APIs, web scraping, and working with JSON files
A broad survey of statistical topics, including combinatorics, permutations, distributions, central limit theorem, hypothesis testing, and Bayesian stats
Time series analysis
Basics of linear algebra
Survey of machine learning algorithms and techniques, including k nearest neighbors, decision trees, random forests and other ensemble methods, support vector machines, PCA, k means, and recommendation systems
A little introduction to Spark via PySpark
Basics of graph theory/network analysis
Basics of NLP
Survey of deep learning topics, including RNNs, CNNs, and transfer learning
A little intro to AWS and how to deploy a machine learning algorithm into production.
Near the end of the program, I also got access to a career prep curriculum, which contained readings and exercises relating to résumés, LinkedIn, networking, building a professional web presence, etc. Flatiron School recently added a post-bootcamp curriculum of extra stuff to study while job-searching, including more work with SQL, and intro to R, and some guidelines for making your projects look better on GitHub. I'm really glad they created these additional resources, since these are things I went out and studied on my own because they were important for my job search. Flatiron is constantly updating the curriculum, and students are welcome to submit suggestions or corrections to be addressed by the curriculum team.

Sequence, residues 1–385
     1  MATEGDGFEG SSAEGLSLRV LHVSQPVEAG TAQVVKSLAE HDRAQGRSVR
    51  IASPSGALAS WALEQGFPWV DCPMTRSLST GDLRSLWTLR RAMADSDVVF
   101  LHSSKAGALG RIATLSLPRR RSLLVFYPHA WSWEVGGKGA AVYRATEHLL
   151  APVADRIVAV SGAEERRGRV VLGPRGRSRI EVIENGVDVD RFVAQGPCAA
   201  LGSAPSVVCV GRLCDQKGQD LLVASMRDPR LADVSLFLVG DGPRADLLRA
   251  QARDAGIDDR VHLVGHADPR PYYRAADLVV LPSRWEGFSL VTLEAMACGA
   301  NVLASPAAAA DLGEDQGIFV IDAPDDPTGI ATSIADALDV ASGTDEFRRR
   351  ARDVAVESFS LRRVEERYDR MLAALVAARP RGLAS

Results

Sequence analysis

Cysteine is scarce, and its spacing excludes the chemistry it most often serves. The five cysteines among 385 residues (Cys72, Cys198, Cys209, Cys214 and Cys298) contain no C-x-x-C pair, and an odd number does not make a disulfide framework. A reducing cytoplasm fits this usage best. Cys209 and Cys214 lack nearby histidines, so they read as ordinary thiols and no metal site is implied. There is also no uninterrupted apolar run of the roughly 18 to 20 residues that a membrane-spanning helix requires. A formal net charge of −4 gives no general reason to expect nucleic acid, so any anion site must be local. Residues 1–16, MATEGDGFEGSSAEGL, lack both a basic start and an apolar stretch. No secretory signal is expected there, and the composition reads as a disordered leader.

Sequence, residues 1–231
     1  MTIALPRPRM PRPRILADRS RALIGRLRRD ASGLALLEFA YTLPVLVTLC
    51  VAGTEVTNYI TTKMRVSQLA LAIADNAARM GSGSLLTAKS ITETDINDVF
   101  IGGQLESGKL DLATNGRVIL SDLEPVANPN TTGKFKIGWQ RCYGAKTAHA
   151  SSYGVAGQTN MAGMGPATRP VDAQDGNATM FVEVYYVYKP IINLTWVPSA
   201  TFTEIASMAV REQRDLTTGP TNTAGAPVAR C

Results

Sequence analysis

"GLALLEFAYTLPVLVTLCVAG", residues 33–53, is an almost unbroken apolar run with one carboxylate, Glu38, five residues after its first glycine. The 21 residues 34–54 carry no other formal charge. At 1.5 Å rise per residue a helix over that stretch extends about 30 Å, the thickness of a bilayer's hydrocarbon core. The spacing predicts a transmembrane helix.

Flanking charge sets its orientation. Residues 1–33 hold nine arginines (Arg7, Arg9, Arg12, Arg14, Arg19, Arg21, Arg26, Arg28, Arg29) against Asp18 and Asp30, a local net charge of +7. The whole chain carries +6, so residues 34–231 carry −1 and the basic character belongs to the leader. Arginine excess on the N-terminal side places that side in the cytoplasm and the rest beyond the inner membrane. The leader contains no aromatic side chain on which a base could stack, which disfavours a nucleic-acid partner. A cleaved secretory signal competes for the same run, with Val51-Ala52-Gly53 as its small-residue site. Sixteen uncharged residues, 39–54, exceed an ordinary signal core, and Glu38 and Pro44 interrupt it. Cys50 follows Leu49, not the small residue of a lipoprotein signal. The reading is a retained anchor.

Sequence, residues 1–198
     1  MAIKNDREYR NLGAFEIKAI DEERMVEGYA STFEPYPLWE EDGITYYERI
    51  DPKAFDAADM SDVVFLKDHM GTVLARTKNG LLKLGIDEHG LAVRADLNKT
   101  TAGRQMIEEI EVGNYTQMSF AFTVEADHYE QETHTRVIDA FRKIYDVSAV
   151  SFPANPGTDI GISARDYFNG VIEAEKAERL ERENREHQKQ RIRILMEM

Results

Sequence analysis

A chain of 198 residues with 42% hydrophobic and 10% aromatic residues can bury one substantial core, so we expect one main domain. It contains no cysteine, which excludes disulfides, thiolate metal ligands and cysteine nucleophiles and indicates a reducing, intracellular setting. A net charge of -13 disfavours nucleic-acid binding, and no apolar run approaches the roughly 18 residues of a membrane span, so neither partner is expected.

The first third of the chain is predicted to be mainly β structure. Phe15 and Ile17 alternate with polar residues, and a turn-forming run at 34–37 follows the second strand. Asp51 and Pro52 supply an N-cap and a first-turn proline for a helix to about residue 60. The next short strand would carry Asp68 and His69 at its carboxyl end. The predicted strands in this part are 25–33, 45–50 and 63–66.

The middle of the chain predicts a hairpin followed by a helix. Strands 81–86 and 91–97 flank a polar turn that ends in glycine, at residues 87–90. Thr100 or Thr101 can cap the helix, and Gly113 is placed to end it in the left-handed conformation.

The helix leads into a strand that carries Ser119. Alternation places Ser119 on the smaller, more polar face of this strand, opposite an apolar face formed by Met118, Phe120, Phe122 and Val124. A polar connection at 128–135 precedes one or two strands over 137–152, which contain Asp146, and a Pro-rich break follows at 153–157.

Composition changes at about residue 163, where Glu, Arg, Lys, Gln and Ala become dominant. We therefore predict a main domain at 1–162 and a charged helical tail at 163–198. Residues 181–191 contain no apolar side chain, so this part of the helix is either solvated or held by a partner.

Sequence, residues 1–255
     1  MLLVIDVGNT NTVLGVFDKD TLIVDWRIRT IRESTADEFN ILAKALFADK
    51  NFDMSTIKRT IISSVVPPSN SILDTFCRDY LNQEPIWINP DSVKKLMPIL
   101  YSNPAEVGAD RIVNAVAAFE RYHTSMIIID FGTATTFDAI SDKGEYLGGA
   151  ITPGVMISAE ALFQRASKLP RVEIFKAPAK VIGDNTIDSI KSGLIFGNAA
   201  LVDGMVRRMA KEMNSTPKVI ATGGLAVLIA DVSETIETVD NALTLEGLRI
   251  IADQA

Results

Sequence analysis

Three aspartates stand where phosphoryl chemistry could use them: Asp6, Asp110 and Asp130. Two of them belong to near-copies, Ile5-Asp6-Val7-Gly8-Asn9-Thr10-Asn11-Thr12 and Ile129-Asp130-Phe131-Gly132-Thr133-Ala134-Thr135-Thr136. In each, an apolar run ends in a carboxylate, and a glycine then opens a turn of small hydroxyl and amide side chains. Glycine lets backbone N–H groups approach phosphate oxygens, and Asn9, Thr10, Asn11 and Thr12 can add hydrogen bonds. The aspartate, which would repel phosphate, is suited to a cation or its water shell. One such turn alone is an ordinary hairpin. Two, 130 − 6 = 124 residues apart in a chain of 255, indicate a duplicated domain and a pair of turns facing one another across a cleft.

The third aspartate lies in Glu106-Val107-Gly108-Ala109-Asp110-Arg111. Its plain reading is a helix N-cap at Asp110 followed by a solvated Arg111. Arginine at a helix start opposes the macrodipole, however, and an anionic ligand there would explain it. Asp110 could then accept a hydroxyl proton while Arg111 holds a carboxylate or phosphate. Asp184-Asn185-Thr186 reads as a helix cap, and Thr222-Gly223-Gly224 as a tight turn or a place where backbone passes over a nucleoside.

An average day of bootcamp involved a lot of independent reading and work on the labs provided in the curriculum, interrupted by a lecture/group meeting with instructor and classmates to go over the material assigned for that day. This format was great for me because I learn better when I can focus on something on my own for a while and then have a chance to ask my questions and hear other people's questions, too. Each day's meeting covered a certain chunk of the curriculum, but there was a lot of flexibility to work ahead or take more time on something if I wanted. Although you could always spend more time on things, I found it was possible to complete each week's material to my own satisfaction in 40-45 hours on average.